Michigan Bank v. EldredAnnotate this Case
76 U.S. 544 (1869)
U.S. Supreme Court
Michigan Bank v. Eldred, 76 U.S. 9 Wall. 544 544 (1869)
Michigan Bank v. Eldred
76 U.S. (9 Wall.) 544
1. Evidence that by the articles of partnership, one partner had no right to endorse negotiable paper is inadmissible to defeat a bona fide holder of such paper endorsed with the firm name by a member of the firm, and taken by such bond fide holder for value, and without notice of the articles.
2. Where a partnership is in the habit of endorsing negotiable paper, having blanks left for the date, and gives the paper so endorsed to a person to use -- he to fill the blank when he wishes to use it -- the firm is liable on the paper with the date filled in when, thus complete, it has passed to the hands of innocent bona fide holders for value.
3. The power to fill the blanks for dates implies in favor of such holders a power in the person trusted, to change the date after the note has been written and before it is negotiated.
4. It is error to charge upon a state of facts of which no evidence has been offered.
The Michigan Insurance Bank brought suit against Anson Eldred, Wm. Balcom, and Elisha Eldred, composing the firm of Eldreds & Balcom, as endorsers of a promissory note dated June 12, 1861, given by one F. E. Eldred, and the body and signature of which were in his handwriting.
The summons was served upon Anson Eldred, the only defendant residing within the District of Wisconsin and the only one who appeared in the cause. The execution of the note, its endorsement by Elisha Eldred, one of the firm of Eldreds & Balcom, with the firm name, demand of payment from the maker, nonpayment by him, and notice to the endorsers of nonpayment were all proved. The date of the note as originally written by the maker, F. E. Eldred, had been August 12, 1861, and the word "June" had been written by him over the word "August."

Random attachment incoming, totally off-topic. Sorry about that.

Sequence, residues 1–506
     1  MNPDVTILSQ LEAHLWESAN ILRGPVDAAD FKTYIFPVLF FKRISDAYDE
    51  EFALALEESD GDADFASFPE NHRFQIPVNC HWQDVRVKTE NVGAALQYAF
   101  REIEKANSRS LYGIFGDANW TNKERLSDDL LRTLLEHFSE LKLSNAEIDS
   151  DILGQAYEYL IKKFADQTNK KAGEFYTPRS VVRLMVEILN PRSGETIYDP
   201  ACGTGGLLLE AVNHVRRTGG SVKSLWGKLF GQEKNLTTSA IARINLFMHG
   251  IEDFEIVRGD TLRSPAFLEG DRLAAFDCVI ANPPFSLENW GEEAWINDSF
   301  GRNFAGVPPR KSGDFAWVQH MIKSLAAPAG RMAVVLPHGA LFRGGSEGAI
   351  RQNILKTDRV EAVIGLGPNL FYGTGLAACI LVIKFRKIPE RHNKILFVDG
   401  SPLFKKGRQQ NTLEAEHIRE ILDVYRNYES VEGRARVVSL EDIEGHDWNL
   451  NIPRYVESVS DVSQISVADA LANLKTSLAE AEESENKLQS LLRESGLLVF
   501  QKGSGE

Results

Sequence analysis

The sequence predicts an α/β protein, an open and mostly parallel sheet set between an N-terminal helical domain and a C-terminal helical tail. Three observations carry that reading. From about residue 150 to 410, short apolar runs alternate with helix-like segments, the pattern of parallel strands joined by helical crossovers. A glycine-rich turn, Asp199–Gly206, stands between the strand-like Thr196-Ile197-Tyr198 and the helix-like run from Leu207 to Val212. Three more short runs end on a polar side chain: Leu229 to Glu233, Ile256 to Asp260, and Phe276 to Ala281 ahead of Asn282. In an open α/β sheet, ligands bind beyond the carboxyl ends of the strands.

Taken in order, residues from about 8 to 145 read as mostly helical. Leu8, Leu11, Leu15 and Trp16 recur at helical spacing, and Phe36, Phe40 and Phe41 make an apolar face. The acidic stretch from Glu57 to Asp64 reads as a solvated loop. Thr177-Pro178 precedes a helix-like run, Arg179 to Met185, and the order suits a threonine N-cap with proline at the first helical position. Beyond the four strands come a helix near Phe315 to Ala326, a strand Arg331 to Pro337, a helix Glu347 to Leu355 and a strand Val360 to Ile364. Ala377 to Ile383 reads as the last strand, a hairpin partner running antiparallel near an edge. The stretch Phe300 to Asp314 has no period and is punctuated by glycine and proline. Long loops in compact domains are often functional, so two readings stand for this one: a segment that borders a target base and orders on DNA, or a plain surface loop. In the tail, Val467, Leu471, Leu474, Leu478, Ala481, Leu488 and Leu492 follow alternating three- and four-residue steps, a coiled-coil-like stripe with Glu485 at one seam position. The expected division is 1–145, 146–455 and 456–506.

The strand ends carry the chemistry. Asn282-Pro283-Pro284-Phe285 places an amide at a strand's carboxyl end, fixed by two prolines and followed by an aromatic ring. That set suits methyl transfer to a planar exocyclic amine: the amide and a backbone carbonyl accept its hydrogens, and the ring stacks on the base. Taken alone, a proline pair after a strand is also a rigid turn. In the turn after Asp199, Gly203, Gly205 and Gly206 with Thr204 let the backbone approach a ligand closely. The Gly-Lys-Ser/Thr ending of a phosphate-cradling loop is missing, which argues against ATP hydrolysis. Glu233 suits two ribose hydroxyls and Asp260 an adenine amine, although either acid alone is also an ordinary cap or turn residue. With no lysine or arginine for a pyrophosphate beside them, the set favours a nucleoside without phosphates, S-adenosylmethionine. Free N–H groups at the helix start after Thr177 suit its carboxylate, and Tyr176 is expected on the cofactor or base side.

The defendant, Anson Eldred, then offered to read in evidence a clause of the articles of co-partnership of the firm of Eldreds & Balcom to the effect that Elisha Eldred, one of the firm, and who, as above stated, had endorsed this note
in the firm name, had bound himself not to use the firm name except for the benefit of the said joint business. The evidence was objected to by the defendant, but the objection was overruled and testimony received.
There was no pretense that the bank had any knowledge of the articles of co-partnership or of the purpose for which the co-partnership's name in this instance had been used.
The defendant then introduced the deposition of F. E. Eldred, the maker of the note, and the brother of Anson Eldred, the defendant. He testified that the note was in his handwriting; that the endorsement of Eldreds & Balcom was made by Elisha Eldred, one of the firm; that he transferred the note as security for a loan about the time the note bore date. He said further:
"I had an arrangement with the firm of Eldreds & Balcom by which they endorsed my notes and I endorsed theirs, and the endorsements were made in blank, and were filled by the holders as they wanted to use them. This note was endorsed in that way, and this arrangement was known to Anson Eldred as well as to the other partners. The word 'June' was written by me, and was written by me before I used the note."
The defendant then read depositions, which showed that this note was transferred to the bank as collateral security for moneys lent to F. E. Eldred, the maker. Here the defendant rested, and upon this evidence the judge, in charging, made use of the following language:
"If the note in suit was never actually negotiated to the bank, but got up by Eldred and accepted by the bank in pursuance of a corrupt agreement between said Eldred and the bank to defraud the defendant, then the plaintiff cannot recover."
The testimony was without the least proof tending to show that this note had not been negotiated to the bank, or any tending to prove that it was "got up by Eldred and accepted by the bank in pursuance of a corrupt agreement between said Eldred and the bank to defraud the defendant."
Verdict and judgment having gone for the defendant, the bank brought the case here.